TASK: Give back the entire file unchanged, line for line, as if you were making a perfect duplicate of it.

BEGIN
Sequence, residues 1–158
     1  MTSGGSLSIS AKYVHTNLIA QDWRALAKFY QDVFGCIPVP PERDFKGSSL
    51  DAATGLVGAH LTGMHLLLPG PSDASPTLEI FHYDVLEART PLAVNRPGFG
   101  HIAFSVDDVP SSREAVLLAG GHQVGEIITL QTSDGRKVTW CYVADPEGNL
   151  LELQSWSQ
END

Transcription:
Sequence, residues 1–158
     1  MTSGGSLSIS AKYVHTNLIA QDWRALAKFY QDVFGCIPVP PERDFKGSSL
    51  DAATGLVGAH LTGMHLLLPG PSDASPTLEI FHYDVLEART PLAVNRPGFG
   101  HIAFSVDDVP SSREAVLLAG GHQVGEIITL QTSDGRKVTW CYVADPEGNL
   151  LELQSWSQ